A Multi-Billion Dollar Real Estate Project Is Rising on Native Reserve Land in Vancouver

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An unassuming strip of Squamish Nation reserve land in Vancouver, Canada, will soon become the site of an ambitious new C$3-billion (US$2-billion), 11-tower project called Sen̓áḵw. The mixed-use development is slated for completion in 2030.

Named for the ancestral territory the Squamish band was evicted from in 1913, the project—set under and around Vancouver’s iconic Burrard Street Bridge—is being billed as a “sustainable village” built on the bones of the former one. The Canadian Pacific Railway (CPR) set up a rail terminus on the site, but when they tried to sell the land in 1989, the Squamish argued it should be reverted to reserve status. After a long legal battle, they regained a portion of the original land in 2002. Since then, the Squamish Nation has been biding their time and considering various development options until the right moment.

Normally in Canada reserves are in more rural areas, so the opportunity to develop 10.48 acres of prime urban waterfront is a rare one. New federal laws enacted in 2018 allowing greater scope for First Nations to develop their own lands also inspired the Squamish’s decision. In December of 2019, the Squamish Nation voted in favor of a partnership with local developer Westbank, known for their luxury condominium towers like the Vancouver House designed by Bjarke Ingels.

The planned 6,000 new housing units on reserve land will be largely rental ones aimed at the “missing middle” in the midst of a housing crisis and a heated real estate market, and it will include several hundred for Squamish Nation members. The Nation hopes to generate up to $10 billion dollars in rental revenue that will be used to assist its members.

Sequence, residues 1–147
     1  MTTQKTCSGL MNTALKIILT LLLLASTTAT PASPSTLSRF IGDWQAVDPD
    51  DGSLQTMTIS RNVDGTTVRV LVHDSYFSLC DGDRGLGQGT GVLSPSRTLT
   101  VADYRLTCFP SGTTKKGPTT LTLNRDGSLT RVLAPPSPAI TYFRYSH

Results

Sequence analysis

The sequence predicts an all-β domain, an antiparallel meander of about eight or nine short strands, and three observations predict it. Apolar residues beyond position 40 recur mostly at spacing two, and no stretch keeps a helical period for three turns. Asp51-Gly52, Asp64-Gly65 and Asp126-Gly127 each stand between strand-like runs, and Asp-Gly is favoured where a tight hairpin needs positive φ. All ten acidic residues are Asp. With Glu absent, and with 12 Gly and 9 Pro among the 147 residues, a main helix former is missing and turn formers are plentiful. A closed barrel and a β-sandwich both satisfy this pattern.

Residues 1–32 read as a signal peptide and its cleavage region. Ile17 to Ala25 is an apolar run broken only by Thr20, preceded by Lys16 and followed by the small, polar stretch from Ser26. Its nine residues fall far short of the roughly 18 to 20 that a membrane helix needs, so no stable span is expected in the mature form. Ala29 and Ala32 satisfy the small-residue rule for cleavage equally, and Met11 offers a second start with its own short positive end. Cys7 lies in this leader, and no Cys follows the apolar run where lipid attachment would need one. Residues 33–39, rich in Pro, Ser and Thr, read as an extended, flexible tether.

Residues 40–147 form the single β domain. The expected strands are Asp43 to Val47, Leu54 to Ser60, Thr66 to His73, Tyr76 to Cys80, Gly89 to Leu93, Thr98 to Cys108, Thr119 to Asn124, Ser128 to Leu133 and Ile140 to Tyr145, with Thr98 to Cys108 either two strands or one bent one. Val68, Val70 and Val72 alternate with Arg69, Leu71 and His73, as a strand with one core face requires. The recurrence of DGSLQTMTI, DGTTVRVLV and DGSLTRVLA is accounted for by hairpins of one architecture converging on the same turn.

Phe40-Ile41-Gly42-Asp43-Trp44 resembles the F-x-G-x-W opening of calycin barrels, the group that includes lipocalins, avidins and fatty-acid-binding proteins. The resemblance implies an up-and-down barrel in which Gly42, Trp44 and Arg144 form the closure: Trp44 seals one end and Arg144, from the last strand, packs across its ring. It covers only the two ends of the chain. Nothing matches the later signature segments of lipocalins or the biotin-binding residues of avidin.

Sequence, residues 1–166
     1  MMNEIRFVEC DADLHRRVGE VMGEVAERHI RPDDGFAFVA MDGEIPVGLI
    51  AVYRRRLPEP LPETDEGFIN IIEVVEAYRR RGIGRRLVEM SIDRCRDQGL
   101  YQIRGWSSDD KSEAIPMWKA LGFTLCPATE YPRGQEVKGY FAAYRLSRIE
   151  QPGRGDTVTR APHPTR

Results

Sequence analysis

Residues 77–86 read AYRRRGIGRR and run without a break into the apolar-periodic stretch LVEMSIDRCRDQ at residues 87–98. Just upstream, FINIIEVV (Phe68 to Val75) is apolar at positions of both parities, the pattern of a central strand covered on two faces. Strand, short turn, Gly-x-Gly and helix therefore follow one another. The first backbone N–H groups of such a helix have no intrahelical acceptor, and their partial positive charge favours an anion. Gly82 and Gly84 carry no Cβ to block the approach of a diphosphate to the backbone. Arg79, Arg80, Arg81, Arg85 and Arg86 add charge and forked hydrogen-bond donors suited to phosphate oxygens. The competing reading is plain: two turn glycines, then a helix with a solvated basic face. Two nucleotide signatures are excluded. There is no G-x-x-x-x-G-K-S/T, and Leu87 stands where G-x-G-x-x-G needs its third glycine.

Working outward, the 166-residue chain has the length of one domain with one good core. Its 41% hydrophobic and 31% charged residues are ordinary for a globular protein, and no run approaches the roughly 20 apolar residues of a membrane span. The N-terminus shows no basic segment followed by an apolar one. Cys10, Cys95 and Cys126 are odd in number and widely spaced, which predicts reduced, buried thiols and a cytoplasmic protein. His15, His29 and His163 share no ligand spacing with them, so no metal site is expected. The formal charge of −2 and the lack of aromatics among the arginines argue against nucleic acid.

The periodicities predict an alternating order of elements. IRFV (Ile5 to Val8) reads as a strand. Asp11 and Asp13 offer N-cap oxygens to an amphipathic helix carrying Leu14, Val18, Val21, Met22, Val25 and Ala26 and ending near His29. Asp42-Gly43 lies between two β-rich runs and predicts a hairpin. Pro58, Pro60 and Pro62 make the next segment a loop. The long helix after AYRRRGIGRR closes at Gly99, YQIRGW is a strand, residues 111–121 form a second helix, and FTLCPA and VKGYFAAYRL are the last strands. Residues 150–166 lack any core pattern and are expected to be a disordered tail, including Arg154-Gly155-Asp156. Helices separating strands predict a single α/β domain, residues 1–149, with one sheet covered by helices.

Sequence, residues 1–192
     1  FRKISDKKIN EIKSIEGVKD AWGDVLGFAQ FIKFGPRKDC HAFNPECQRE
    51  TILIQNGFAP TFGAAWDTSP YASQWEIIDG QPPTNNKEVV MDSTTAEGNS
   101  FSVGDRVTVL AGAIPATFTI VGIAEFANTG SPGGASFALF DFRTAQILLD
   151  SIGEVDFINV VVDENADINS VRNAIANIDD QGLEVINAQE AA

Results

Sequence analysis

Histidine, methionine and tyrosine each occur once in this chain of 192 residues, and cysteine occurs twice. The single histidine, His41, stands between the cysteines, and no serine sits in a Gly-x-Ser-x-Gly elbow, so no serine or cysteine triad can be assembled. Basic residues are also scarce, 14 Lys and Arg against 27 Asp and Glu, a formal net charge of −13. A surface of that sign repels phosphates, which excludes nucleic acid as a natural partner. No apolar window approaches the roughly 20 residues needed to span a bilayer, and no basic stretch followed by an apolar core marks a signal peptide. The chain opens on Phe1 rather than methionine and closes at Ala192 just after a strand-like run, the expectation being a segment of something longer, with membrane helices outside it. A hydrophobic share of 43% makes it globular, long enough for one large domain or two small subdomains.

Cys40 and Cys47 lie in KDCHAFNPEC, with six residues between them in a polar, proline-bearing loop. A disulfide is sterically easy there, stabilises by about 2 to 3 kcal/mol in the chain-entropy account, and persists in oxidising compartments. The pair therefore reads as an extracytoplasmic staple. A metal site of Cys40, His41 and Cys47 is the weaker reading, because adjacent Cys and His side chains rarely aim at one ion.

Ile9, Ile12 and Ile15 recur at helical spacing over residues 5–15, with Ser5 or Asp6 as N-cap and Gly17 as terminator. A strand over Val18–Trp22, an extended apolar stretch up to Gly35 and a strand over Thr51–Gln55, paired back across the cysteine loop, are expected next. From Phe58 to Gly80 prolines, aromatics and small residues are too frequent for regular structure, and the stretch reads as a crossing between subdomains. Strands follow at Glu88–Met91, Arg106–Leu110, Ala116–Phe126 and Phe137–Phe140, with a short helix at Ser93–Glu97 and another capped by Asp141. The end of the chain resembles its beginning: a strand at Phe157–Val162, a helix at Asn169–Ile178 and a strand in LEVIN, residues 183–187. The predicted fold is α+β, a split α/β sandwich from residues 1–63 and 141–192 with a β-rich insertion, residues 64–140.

The design by Revery Architecture to pack 11 towers ranging from 17–59 stories into the tiny strip of land is also a unique one, and it is slated to be a car-free, green-friendly development. The conceptual drawings featuring curvilinear balconies overflowing with greenery and reflecting the surrounding environment were done in close consultation with the Squamish and include indigenous art and design elements from façades to structural core surfaces to suite entry doors and benches.

An aerial view of Sen̓áḵw. Photo: Revery Architecture

“We were inspired by the traditional villages of the Squamish Nation, their deep embrace of nature—the mountains, forest and water, their carving and weaving traditions, and cultural connection with salmon,” says Revery design principal Venelin Kokalov. The towers feature two different typologies: The “mountain” has an organic massing with abstracted balcony forms, and a second one is inspired by traditional long houses.

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